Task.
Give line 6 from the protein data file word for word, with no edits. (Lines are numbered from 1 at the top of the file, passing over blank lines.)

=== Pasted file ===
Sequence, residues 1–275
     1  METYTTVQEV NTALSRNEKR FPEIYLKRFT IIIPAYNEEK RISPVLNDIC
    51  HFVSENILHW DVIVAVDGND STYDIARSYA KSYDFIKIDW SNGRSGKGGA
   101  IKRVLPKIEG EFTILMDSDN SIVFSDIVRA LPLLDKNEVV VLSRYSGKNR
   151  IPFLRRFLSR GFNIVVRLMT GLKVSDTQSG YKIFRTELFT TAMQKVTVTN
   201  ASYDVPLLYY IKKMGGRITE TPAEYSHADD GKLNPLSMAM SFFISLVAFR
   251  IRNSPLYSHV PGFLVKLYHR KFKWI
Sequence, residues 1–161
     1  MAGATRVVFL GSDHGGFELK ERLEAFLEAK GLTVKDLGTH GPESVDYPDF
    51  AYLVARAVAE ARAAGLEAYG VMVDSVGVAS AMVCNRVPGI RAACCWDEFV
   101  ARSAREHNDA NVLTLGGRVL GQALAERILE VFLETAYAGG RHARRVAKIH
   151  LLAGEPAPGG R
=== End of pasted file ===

   201  ASYDVPLLYY IKKMGGRITE TPAEYSHADD GKLNPLSMAM SFFISLVAFR